Increasing technology integration in the classroom Brandon Freel
Overview Current technology in use If it isn’t broke, why fix it? Forms of technology used Implementing new technology
Why Technology, why now? Without the integration of technology in our schools, we are only putting the students at a disadvantage and closing them off from the outside world. “Technology is like a fish. The longer it stays on the shelf, the less desirable it becomes.” – Andrew Heller Once a new technology rolls over you, if you’re not part of the steamroller, you’re part of the road” – Stewart Brand
Assignments with an online resource requirement
Student Perception of Technology Use The Good Students reported being exposed to a variety of technologies in their college classrooms The Bad Students described ways in which faculty members are ineffective in their use of technology. The Ugly Several student responses described faculty members as using technology in order to “hide behind it”.
Percentage of students exposed to different types of technology in their college classes
Why teachers aren’t using technology Intimidation Students know how to use it better than they do Lack of preparation No prior knowledge of programs Fear of programs not operating
Why schools should install technology? >90 percent of all schools are connected to the Internet >33 percent of teachers have Internet access in their classrooms Financial incentives are a time-tested method of encouraging teachers School systems can provide compensation for professional development in technology on weekends or during summers Mini-grants can be used to reward teachers who develop innovative uses for classroom technology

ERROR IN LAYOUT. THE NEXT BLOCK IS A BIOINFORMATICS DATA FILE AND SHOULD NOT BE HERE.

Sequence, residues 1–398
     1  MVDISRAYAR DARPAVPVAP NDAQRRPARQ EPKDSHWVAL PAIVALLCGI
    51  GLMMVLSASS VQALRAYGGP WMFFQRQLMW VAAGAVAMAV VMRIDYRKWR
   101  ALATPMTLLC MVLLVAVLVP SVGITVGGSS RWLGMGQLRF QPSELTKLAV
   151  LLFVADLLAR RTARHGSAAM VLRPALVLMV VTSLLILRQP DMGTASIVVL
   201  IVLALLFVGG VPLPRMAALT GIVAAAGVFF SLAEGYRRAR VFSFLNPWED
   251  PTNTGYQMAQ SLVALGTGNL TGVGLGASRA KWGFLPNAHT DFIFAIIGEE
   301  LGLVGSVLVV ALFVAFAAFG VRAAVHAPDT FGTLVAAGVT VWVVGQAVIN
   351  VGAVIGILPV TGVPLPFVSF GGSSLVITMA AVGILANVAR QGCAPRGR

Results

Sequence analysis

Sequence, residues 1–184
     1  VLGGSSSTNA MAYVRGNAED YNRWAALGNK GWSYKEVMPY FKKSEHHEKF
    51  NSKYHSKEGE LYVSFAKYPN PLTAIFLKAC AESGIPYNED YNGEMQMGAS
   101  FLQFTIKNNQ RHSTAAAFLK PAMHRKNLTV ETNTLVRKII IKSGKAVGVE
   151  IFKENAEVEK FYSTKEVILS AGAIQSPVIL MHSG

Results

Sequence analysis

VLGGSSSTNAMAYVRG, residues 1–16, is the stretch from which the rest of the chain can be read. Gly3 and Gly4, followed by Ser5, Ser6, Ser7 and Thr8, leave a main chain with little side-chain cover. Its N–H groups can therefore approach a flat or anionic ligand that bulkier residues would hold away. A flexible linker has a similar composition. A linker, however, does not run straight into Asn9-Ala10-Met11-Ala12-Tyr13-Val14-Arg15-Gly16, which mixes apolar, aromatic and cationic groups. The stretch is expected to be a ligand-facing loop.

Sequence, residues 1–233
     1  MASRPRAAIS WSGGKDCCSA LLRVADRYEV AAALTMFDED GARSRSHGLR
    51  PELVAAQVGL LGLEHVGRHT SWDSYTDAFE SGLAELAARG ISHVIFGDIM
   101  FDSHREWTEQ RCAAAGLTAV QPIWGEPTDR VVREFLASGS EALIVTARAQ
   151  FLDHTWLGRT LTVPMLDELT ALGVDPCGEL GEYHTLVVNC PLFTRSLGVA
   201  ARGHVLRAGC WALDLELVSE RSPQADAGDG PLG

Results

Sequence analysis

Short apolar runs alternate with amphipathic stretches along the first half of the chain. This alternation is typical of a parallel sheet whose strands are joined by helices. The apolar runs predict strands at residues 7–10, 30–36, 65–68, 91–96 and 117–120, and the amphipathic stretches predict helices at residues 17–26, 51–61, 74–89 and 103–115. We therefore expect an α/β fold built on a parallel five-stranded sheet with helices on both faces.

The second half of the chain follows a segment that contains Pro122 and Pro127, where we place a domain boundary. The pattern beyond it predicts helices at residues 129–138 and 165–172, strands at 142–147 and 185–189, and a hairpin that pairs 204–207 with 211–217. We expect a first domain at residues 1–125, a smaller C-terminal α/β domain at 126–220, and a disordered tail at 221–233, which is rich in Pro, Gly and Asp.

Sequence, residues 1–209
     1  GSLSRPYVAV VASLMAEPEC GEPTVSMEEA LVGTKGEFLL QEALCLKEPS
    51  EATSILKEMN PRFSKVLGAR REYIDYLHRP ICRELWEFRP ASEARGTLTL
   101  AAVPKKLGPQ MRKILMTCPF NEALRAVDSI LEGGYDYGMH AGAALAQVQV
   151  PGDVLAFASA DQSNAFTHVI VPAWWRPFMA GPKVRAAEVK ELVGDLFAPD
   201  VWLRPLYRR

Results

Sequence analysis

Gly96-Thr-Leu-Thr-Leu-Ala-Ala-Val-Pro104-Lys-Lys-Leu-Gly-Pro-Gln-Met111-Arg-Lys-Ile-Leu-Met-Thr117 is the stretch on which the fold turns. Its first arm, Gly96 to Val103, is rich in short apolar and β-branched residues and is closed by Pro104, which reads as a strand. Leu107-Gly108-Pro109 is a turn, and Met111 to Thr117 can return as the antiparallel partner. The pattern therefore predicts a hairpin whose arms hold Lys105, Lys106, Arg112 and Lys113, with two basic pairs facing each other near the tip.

Coaching Teachers at Different Skill Levels A school may be home to educators with a wide variety of skill levels in technology Individual tutoring, peer coaching, collaboration, networking, and mentoring Teachers learn at different rates Have individual needs when mastering new skills Technology training should be flexible yet cover a comprehensive set of skills.
References Ivers, K.S. (2003). A teacher's guide to using technology in the classroom. Retrieved from http://books.google.com Gahala, J. (2001, October). Critical issue: promoting technology use in schools. Retrieved from http://www.ncrel.org/sdrs/areas/issues/methods/technlgy/te200.htm Smith, G.E. (n.d.). Student perceptions of technology in the classroom: the good, the bad, and the ugly. Unpublished manuscript, Department of Psychology, Elon University, Elon, North Carolina. Retrieved from http://faculty.mckendree.edu/ATLAS/student_perceptions.htm U.S. Department of Education, Institute of Education Sciences. (2005). Computer technology in the public school classroom: teacher perspectives (NCES 2005-083). Washington, DC: Retrieved from http://nces.ed.gov/pubs2005/2005083.pdf